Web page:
Food & Agriculture: Many Hudson Valley residents suffer from a lack of access to fresh produce, despite being surrounded by small and medium farms that are struggling for resources – food deserts in the land of plenty. Focusing on food justice, students developed approaches to supporting the valley’s farms, addressing the access gap in lower income neighborhoods, and considering the environmental impacts of dairy farming.
Ecology & Health: Extractive practices, polluting industry, and carbon-intensive transportation infrastructure have left their mark on the valley’s landscapes, impacting quality of air and water, leaving behind contaminated soils. Inextricably linked to physical and mental health, these impacts disproportionately harm lower income communities of color. Projects tackling these issues focused on restoring the valley’s biodiversity through restorative practices, while leveraging the same efforts to promote environmental education, create sustainable energy sources, and find employment opportunities for individuals struggling with homelessness and mental health challenges.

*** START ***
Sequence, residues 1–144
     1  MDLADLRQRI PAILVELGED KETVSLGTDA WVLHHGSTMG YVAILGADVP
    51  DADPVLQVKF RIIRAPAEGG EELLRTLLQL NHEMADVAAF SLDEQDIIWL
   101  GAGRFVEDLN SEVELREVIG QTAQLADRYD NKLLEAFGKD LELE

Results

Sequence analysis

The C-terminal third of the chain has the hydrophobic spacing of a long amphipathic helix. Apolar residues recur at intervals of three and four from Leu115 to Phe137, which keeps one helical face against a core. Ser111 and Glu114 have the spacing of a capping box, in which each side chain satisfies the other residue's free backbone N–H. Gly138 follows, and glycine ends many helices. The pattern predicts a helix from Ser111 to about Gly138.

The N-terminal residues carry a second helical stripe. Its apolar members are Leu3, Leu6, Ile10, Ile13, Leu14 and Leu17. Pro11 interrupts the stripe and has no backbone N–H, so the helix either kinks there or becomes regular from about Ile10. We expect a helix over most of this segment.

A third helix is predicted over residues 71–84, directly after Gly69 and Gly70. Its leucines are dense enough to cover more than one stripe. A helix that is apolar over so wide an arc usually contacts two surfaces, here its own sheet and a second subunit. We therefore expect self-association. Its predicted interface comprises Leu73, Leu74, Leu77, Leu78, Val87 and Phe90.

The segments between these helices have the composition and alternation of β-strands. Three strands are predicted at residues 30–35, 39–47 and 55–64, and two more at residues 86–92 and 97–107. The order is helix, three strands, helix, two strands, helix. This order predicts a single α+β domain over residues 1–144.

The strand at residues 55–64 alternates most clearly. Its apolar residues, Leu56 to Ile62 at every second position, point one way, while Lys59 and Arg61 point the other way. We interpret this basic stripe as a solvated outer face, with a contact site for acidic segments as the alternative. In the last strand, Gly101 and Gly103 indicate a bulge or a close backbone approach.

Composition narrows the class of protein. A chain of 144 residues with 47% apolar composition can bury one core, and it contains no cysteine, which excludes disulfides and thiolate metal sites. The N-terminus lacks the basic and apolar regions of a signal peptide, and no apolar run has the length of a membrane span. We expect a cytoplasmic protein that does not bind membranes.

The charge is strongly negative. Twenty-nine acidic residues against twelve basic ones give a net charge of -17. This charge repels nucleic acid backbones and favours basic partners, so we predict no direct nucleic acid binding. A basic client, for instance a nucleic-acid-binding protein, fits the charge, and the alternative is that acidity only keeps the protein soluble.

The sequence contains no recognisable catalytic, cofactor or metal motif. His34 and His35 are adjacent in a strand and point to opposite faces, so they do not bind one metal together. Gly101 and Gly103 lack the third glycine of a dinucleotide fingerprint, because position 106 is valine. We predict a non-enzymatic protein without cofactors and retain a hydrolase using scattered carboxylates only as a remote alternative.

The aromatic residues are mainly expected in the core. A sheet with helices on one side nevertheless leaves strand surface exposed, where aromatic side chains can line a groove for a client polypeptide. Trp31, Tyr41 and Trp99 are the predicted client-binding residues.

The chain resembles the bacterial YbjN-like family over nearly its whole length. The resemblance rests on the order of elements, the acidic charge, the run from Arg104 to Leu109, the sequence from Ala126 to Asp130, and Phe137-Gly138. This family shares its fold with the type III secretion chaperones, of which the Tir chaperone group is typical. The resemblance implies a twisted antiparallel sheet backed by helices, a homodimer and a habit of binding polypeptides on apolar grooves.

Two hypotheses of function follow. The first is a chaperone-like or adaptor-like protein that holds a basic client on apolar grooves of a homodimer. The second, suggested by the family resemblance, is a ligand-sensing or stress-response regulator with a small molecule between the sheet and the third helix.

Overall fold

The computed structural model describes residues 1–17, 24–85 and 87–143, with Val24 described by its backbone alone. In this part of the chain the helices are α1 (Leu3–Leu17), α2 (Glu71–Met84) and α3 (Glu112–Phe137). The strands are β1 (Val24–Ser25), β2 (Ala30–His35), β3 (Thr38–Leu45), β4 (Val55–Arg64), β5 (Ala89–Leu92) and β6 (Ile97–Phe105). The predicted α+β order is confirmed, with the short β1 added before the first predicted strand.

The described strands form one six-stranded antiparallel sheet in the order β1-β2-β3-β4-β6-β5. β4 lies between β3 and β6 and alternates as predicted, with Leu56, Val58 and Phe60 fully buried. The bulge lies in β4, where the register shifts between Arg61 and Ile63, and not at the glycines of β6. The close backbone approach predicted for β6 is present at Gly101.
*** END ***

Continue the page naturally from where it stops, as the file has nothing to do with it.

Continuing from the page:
Culture & Art: Building on the valley’s growing art community, students proposed a series of indoor and outdoor collaborative spaces, and a series of installations in vacant lots along Main Street in Poughkeepsie designed to activate and enliven the street. Leveraging the existing investment in the film industry in Newburgh, teams identified potential education and economic development opportunities that would engage and employ local teens and residents rather than leaving them behind.
Incarceration & Education: The ingrained discrimination prevalent in the American criminal justice system, interconnected with challenges of recidivism and lack of opportunities for re-entry were tackled through a neighborhood designed around an alternative to incarceration--a community designed to ease the return of recently incarcerated individuals into the workforce, and alternative education system which uses project-based learning to break the school-to-prison pipeline.